*** Reactions to the Charleston Massacre ***
** The Spokesman-Recorder has two must-read reactions to the recent murders of nine people in a Black church in Charleston, South Carolina. First, there’s Ron Edwards’ eloquent appraisal of the killings:
Let’s pray for the nine souls lost. Let’s not forget the hundreds of thousands lost since the time we were first brought to these shores. Let’s pray for the future of the sons and daughters of the African. Let’s pray for the violated sanctuaries turned into killing fields, and stop taking them for granted.
Second, you should read Mel Reeves’ take on the role of “forgiveness” in the reaction to the tragedy:
“What was needed immediately following the terrorist murder in Charlotte was accountability, not forgiveness. Again this act did not occur in a vacuum. This was not some crazed psychopath, but someone crazed by racial hatred. This society needs to be held accountable for the climate that allows for this kind of terrorism.”
Reeves argues that we need to remember to hold racist hate mongering accountable: “I heard people talking about being heartbroken, but who cares if you are not moved to do something.”
** Meanwhile, 360Journalism reports on how the #blacklivesmatter movement is connecting with young people. It’s great to see young people getting involved in the fight against institutionalized racism.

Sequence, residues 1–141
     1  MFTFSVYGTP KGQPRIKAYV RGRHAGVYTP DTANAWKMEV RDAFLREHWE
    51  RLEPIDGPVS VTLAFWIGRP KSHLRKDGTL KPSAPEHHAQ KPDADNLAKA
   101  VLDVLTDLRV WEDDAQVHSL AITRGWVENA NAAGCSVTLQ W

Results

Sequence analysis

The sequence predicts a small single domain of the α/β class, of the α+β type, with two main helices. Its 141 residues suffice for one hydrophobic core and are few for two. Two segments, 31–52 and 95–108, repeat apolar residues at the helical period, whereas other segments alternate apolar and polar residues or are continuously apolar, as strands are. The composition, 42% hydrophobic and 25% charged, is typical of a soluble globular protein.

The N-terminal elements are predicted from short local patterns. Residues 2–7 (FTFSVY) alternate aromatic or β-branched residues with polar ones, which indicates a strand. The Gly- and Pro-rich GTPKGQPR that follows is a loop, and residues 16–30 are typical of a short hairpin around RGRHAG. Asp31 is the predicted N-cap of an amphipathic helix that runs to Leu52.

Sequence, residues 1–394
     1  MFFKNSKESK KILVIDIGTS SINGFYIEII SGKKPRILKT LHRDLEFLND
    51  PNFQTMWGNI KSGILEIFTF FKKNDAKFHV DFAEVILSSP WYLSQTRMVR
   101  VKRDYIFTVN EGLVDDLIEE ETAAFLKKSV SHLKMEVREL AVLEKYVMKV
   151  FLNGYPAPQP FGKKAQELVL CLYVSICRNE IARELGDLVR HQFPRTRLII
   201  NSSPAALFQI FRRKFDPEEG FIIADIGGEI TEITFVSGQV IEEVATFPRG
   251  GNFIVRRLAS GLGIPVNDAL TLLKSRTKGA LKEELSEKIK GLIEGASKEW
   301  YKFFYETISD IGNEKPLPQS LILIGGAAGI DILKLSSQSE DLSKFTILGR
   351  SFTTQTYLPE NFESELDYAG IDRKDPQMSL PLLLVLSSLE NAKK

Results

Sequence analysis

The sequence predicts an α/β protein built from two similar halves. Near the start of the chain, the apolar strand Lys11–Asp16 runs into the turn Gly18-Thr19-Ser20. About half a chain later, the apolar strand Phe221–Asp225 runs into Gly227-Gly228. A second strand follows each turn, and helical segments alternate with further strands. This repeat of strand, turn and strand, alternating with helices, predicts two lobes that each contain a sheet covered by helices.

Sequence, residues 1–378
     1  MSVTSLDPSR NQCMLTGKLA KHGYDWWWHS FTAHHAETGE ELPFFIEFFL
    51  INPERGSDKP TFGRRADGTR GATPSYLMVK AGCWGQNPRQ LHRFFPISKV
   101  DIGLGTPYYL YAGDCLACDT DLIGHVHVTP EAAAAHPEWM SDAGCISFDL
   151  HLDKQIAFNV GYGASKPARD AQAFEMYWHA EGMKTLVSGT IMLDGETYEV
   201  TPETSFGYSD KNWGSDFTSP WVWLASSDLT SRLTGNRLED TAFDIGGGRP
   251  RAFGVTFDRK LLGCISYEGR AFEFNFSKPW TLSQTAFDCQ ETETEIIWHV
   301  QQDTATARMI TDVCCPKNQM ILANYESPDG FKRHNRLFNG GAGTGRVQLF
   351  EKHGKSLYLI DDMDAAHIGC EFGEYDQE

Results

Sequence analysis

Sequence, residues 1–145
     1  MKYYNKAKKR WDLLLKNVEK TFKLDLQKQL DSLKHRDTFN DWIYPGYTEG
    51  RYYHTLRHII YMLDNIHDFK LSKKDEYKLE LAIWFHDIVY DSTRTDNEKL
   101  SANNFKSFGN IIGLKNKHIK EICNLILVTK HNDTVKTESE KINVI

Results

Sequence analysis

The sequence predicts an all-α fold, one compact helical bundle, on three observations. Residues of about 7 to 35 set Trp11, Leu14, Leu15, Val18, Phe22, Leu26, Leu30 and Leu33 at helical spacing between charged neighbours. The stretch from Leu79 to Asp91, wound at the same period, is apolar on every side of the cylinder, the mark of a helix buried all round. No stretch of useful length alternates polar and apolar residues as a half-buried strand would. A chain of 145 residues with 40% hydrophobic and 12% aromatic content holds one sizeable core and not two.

Check out 18-year-old Zeph Kaffey’s [pictured] comment: “Seeing my brothers, seeing people that could be my father on television being slaughtered by the police has really motivated me, because they look like me, to get involved.”
*** “No” and “Yes”: updates on two projects in South Minneapolis ***
** The Alley News reports on two “controversial” projects in South Minneapolis’ Phillips neighborhood. The first is Carol Pass’ report on the Roof Depot site in East Phillips, where the City Council overwhelmingly rejected efforts by neighborhood leaders to support green development projects in a former industrial spot.
But in better news for the neighborhood, the School Board voted to allocate funding for the Phillips Aquatic Center. Check out Denny Bennett’s positive thoughts on the project, which he calls “historic, selfless, and noble.”
*** Best of the rest: anti-Pride, cluster bombs, buying local ***
** After the Pride parade last weekend, the colu.mn reports on how Evangelical groups “targeted LGBT strongholds” in Minneapolis for handing out deceptive anti-queer propaganda. (Along with fresh fruit?)
** Little Laos on the Prairie brings some good news from Laos, where the Federal government allocated an additional $15 million to cleaning up remaining cluster bombs that were dropped into the countryside during the Vietnam War. Bombs last a long time, and people pay the costs of war long after the fighting is over.
** Insight News has a great story about Fanice Thomas [pictured below], a student at Metro State University who has done fascinating research on contrasting body-images for Kenyan immigrants. She was given an award by the school.
** Finally, check out Minnesota Women’s Press’ essay on why it’s important to buy local.
“At chain stores, $14 of every $100 spent stays in the community. While at local, independent businesses, $48 of every $100 spent stays here.”